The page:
In Chinese cooking, you must have all your ingredients prepped before starting to cook; otherwise, you can’t keep up because it cooks so fast.

Directions:  In a bowl, mix diced beef with tablespoon of cornstarch, cooking sherry and soy sauce.  Allow meat to marinate as you cut up all the other veggies.  Once all the veggies are prepped it’s time to put the dish together.  Heat pan on medium-high heat, once hot, add the cooking oil.   Put in the beef, garlic and ginger and allow it to sear and seal in juices before tossing it.  Next add the veggies; allow it all to cook.  Then add mango.  Add soy sauce, hoisin sauce, chili garlic sauce, chicken broth and cornstarch dissolved in chicken broth to make the sauce.  Stir and serve immediately.

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Hope you enjoy this recipe.  Have a wonderful week!

Cucumber Noodle Salad

Often times, I crave pasta at lunch.  I don’t know what it is about twirling noodles on a fork that I find so appealing.  But since I try to be sensible about what I eat, I know that a daily dose of pasta probably isn’t the best choice to be making for the waist line.

I was sitting at work one day, pondering the possibilities of lunch, when the only thing on my mind was pasta… pasta… and pasta.  UGH!  There has to be a way I can combat this pasta craving with a healthier substitute.  (LIGHT BULB)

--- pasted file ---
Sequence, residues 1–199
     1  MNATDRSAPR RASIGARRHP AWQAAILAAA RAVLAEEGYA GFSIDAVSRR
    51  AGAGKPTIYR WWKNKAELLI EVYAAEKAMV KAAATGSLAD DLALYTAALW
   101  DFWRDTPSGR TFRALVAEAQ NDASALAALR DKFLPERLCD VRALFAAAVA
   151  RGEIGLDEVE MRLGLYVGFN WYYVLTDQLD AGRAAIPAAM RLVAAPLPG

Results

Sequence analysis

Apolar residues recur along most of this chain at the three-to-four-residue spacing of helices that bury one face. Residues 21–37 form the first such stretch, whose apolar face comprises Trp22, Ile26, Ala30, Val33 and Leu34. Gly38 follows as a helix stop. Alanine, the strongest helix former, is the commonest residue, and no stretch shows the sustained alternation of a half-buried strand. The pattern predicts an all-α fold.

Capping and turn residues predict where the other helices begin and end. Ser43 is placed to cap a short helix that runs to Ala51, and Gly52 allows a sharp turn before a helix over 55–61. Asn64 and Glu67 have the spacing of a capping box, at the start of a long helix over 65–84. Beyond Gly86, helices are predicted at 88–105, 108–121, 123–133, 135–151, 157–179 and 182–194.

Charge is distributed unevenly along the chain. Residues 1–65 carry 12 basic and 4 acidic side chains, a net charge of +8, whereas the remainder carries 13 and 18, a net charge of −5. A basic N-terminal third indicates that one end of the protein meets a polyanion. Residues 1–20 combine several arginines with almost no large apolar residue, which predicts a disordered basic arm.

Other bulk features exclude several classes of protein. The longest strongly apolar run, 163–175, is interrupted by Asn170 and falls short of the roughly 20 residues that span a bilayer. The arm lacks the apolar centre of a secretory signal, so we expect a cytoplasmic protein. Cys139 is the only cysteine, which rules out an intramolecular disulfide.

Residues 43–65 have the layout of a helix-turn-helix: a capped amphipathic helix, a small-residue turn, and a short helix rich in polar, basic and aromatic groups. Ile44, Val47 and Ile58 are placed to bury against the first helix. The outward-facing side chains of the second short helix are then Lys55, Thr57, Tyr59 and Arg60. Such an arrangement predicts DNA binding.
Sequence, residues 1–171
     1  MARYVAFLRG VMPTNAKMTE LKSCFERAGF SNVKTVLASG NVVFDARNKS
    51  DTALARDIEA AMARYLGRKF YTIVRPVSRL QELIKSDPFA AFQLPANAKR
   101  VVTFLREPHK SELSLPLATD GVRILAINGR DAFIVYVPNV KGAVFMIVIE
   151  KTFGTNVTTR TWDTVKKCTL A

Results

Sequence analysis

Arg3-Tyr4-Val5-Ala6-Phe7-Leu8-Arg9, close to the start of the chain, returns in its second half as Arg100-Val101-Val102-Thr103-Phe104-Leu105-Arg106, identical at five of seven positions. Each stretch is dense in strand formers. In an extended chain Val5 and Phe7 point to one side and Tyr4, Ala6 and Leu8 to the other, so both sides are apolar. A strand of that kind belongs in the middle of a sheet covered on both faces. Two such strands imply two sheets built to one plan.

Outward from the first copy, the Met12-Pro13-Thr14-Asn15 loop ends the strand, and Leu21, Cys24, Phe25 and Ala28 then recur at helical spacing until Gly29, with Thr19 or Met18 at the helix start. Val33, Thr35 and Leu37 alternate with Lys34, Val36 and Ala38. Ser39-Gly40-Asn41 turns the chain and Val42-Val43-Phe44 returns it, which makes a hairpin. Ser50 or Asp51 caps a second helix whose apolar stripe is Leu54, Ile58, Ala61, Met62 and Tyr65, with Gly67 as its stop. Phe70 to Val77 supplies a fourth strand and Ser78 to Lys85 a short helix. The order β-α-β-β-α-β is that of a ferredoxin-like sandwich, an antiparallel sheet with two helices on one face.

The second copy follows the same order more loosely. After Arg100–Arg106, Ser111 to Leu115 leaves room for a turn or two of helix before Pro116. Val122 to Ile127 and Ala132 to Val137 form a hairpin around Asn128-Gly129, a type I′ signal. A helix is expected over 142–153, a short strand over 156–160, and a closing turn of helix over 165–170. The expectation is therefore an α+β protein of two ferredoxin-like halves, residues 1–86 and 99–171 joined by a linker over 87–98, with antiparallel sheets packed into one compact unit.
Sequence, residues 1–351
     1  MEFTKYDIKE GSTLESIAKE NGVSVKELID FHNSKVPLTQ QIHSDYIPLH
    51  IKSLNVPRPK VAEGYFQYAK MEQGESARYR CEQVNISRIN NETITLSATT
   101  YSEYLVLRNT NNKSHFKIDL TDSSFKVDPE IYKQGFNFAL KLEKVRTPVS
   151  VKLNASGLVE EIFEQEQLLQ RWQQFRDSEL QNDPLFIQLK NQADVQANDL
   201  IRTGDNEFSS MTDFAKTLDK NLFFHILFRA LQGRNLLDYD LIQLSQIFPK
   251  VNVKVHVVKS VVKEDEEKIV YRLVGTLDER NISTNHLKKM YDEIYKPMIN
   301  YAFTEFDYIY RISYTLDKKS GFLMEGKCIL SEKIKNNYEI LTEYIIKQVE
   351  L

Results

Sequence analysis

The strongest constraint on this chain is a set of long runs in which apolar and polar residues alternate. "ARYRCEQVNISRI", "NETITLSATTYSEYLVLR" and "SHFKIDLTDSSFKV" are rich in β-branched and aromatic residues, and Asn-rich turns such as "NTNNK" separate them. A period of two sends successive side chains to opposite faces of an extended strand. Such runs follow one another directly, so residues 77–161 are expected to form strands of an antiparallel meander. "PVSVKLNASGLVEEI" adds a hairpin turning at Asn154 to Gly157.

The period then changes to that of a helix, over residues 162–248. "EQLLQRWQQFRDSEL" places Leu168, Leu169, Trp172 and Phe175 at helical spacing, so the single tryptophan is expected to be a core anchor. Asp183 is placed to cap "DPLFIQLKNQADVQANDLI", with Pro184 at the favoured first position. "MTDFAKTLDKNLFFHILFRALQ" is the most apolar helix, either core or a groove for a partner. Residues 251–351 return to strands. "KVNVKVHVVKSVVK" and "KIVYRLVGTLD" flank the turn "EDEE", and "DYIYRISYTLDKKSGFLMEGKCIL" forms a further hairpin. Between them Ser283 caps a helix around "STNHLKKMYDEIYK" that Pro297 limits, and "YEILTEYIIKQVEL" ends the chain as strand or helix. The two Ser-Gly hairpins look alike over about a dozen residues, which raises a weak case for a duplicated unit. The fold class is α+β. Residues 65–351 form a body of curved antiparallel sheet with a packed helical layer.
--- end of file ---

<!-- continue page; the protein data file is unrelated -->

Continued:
A few weeks back, I had encountered this handy little tool at William’s Sonoma.  It is a julienne peeler.  Hmm… well that could enable me to make noodles out of nearly any veggie.  An idea was hatched… I will try my hand at making cucumber noodle salad.

Ingredients:
2 English cucumbers
½ red onion
salt
¼ C rice wine vinegar
1 tbsp sugar
1 tsp red pepper flakes (or more depending on desired spiciness)
¼ c water
toasted sesame seeds

Directions:  Peel English cucumber lengthwise to create long “noodles”.  Continue around the cucumber until you’ve reached the core, do not peel the seeded portion. (I just save the middle of my cucumber and cut it into slices for a snack).  In a bowl, salt the cucumber noodles to help extract the water.  If you have time, allow this to sit refrigerated for up to an hour.  (I gave myself about 15 minutes, and my “noodles” were a little soggy, but still eatable).

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While cucumber noodles are refrigerating, thinly slice the onion.  Shoestring slices are preferable to match the noodle consistency of the cucumber.  Blanch sliced onions (this step is optional, I don’t like an overly strong onion flavor because it literally gives me a headache when I eat it, I’ve found that if I just shock them with some boiling water, then drain that the flavor is more palatable).

Mix together ingredients for dressing: rice wine vinegar, red pepper flakes, sugar and water.  Once cucumber noodles are done “draining” combine it with red onion and dressing.  Sprinkle sesame seeds on top and serve.